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Trina Solar survives its biggest hurdle

Updated: 2013-10-11
By Zhang Qidong in San Francisco ( China Daily )

 Trina Solar survives its biggest hurdle

The Park Villas project in National City, built by Trina Solar, is the largest multi-family affordable solar housing project in California. Provided to China Daily

Trina Solar survived a 23.75 per cent combined net tariff imposed by the US government in 2012 and maintained its No 1 global ranking for environmental and social performance in the 2013 Solar Scorecard, an award established by the Silicon Valley Toxics Coalition (SVTC).

"We are very proud to have maintained our top-ranking in this leading environmental survey," said Gao Jifan, chairman and CEO of Trina Solar, one of the top Chinese solar companies, with more than 20 offices and support centers worldwide. "Trina Solar is deeply committed to its environmental and social responsibilities and we continue to integrate this philosophy across all of our operations and markets. We look forward to continuing to support the delivery of clean solar energy by truly green PV (photovoltaic) manufacturers."

In August, the company reported second-quarter net revenue of $440.7 million, an increase of 69.4 per cent from the first quarter of 2013, and approximately 647 mega-watt shipments of solar modules, a sequential increase of 64.6 percent from the first quarter.

"With robust global demand, we took full advantage of our global sales network and strong brand to seize available commercial opportunities. In terms of pricing, the average selling price of modules has stabilized, reversing the falling trend seen in previous quarters," said Gao. "As a result of our on-going efforts to improve operational efficiency and control manufacturing costs, we achieved continuing reductions in non-silicon costs, which contributed to quarter-on-quarter margin improvement."

The second quarter saw regulatory uncertainty surrounding anti-dumping against PV imports from China in Europe, but the company's geographic revenue diversification helped mitigate such regulatory risks, according to Gao. "We achieved strong sequential shipment increases in growth markets including China, the US, India and Japan, which added to our stable shipments to Europe," he said.

With construction completed on a 50 megawatt-watt power plant in Wuwei, Gansu province in China, the facility is expected to be grid connected and begin initial electricity generation by the end of the third quarter of 2013.

"For our downstream system business, we remain focused on research and development and committed to delivering innovative products and solutions to lower installation costs, while enhancing the efficiencies and ease-of-use of solar energy," said Gao.

John Gann, CFO of the company's US operation, said Trina Solar has aimed to establish PV markets that drive smarter energy choices through technology-driven innovation, and is growing its business by partnering with US installers, distributors, utilities and developers.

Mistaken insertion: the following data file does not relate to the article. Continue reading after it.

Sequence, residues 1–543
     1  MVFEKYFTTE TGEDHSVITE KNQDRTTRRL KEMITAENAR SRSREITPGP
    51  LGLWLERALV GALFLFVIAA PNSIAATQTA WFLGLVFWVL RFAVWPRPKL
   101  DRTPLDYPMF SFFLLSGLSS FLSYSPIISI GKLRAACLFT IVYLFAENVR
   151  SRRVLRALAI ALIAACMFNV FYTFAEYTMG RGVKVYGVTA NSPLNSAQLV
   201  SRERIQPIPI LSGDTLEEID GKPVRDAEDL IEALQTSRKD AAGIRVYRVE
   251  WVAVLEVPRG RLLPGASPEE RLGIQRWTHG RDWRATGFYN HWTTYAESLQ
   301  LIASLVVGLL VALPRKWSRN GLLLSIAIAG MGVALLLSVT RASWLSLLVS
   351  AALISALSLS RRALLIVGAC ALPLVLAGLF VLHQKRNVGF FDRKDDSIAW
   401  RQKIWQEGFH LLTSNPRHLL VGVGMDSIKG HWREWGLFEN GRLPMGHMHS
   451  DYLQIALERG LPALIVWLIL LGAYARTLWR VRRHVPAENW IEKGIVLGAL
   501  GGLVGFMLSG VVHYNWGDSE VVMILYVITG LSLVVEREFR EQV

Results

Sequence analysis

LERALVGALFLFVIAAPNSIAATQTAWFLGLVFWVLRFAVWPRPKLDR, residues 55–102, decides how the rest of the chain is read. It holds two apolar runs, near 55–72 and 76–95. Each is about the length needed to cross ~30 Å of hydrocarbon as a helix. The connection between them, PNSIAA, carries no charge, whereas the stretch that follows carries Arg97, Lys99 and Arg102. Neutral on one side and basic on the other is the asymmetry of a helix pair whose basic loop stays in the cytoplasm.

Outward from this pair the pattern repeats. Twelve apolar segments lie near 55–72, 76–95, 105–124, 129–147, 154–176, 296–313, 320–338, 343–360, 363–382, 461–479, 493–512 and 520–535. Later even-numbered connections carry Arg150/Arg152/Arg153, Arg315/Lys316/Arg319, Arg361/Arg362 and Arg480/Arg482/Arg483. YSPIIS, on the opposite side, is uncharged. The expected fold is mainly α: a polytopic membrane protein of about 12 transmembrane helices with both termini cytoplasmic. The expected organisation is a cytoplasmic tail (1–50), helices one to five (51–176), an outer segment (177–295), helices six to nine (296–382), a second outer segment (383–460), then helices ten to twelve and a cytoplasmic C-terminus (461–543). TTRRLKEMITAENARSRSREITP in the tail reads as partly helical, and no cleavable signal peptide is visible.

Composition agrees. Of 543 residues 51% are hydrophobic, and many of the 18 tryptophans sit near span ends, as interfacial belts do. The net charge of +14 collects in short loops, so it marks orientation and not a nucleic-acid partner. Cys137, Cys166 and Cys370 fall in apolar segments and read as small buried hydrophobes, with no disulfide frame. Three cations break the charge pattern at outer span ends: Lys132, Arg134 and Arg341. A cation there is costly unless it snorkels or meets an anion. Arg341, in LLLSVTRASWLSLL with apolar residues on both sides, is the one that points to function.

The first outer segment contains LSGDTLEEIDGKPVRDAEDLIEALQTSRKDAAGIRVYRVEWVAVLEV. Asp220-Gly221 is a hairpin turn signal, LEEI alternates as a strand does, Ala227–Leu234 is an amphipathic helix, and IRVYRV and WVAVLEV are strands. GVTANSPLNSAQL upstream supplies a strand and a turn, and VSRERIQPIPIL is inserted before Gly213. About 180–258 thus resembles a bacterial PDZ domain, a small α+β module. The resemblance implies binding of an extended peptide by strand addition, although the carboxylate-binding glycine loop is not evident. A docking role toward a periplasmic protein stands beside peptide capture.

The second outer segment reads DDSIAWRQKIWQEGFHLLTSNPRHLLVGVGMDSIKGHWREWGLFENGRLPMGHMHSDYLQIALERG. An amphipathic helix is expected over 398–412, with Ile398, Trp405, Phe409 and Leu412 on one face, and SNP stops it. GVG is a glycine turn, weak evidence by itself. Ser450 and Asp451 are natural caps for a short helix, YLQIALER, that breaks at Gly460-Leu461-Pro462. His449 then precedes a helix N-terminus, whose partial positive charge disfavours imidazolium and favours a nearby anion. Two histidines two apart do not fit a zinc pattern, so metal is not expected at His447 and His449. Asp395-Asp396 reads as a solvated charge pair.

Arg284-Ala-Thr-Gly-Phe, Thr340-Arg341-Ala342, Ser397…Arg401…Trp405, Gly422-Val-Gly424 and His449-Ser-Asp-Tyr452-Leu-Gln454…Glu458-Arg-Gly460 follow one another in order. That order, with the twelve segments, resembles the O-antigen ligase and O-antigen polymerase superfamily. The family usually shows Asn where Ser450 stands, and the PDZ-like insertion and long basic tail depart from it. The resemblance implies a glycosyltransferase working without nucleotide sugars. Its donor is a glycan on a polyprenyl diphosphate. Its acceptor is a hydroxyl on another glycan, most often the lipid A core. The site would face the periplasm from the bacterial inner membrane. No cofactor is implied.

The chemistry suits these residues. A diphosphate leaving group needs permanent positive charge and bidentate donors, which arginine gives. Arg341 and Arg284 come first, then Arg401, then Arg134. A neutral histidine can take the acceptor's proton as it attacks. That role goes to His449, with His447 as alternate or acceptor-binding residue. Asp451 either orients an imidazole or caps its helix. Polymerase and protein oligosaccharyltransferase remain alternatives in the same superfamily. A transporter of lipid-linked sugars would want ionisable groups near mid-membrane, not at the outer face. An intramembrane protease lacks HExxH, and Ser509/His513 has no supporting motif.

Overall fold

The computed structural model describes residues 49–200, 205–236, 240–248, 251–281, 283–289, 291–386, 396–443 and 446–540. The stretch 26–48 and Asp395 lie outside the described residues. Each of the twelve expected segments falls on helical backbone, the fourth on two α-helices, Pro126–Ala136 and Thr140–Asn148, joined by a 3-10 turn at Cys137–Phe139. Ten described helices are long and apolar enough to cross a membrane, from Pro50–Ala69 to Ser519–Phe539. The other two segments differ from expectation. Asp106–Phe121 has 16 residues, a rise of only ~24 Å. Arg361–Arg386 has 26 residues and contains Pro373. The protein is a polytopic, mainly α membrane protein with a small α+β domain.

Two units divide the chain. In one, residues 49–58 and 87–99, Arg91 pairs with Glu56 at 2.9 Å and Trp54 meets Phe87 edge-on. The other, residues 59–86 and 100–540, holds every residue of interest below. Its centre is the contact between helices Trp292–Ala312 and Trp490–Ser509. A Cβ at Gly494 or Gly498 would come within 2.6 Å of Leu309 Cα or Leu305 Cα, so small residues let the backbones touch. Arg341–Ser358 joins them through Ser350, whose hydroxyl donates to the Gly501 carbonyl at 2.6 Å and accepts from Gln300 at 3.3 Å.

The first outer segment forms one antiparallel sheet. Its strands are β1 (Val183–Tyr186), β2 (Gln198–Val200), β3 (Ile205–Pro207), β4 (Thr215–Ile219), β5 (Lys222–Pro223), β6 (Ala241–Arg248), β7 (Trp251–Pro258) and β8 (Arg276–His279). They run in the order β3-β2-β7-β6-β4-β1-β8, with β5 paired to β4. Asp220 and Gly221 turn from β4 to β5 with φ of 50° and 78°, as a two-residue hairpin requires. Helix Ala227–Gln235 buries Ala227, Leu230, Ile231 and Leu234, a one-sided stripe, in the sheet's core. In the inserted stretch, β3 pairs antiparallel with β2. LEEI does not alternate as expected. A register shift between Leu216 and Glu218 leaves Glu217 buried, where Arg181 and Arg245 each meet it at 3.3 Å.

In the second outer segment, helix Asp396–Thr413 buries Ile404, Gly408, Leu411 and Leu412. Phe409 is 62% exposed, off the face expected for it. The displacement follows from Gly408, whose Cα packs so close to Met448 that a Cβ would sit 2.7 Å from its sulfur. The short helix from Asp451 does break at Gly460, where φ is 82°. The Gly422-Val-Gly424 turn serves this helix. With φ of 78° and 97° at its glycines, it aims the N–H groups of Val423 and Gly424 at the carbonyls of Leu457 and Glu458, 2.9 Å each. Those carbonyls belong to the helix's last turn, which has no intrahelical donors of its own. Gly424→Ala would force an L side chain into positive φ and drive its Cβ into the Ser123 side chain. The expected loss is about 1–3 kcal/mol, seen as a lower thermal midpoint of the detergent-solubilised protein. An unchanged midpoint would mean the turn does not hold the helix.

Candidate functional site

"As a global enterprise, we strive to conform to international and local trade practices in all markets. The tariffs imposed on us will not affect the offering of Trina Solar product lines that are not subject to these tariffs. Although the tariffs delayed affordable market access to our most efficient cell technology-based products, we survived and have done well," said Gann.

He said like other markets, the strength and vigor of the US solar industry is largely driven by state and federal taxes and solar policies.

In 2012, the US solar industry had its second-best quarter ever, according to the Solar Energy Industry Association (SEIA). "The industry installed 772 megawatts (MMW) of solar electric (PV and CPV) capacity in Q2 2012, representing a 125 percent increase in deployment over the second quarter of 2011," the association said in a statement. US Solar Market Insight - a quarterly publication of the SEIA and GTM Research - reported that the trend will continue.

"As the US solar industry progresses toward 2016, it is becoming increasingly clear that system prices will fall significantly," said Gao, 47, who also serves as vice chairman of All-China General Chamber of Renewable Energy. "This will enable a substantial volume of installations in some states to be built using only federal incentives. As system prices continue to fall, additional markets will open up and drive demand despite the likelihood of waning state-level financial support for solar projects.

"Effective state policies, particularly those pertaining to net-metering and permitting, will still be needed in order to accelerate deployment in some markets. Based on our experience in the US, and forward-looking market analysis, Trina Solar has made a significant investment in the US market and is optimistic that this market will continue to grow."

Gann, who has been CFO of Trina Solar since 2010, said the company is committed to sustainable solar manufacturing through continuous innovation and industry-leading environmental and corporate social responsibility.

As a leading manufacturer of high-quality modules with a long history of being a solar PV pioneer since 1997, the company has adapted production requirements to meet US market needs and will continue to assess options and serve all markets, he said.

"Our company is one of the few PV manufacturers that have developed a vertically integrated business model from the production of monocrystalline and multicrystalline silicon ingots, wafers and cells to the assembly of high quality modules, " Gann said, "Our products provide reliable and environmentally-friendly electric power for a growing variety of end-user applications worldwide."

kellyzhang@chinadailyusa.com

(China Daily USA 10/11/2013 page11)

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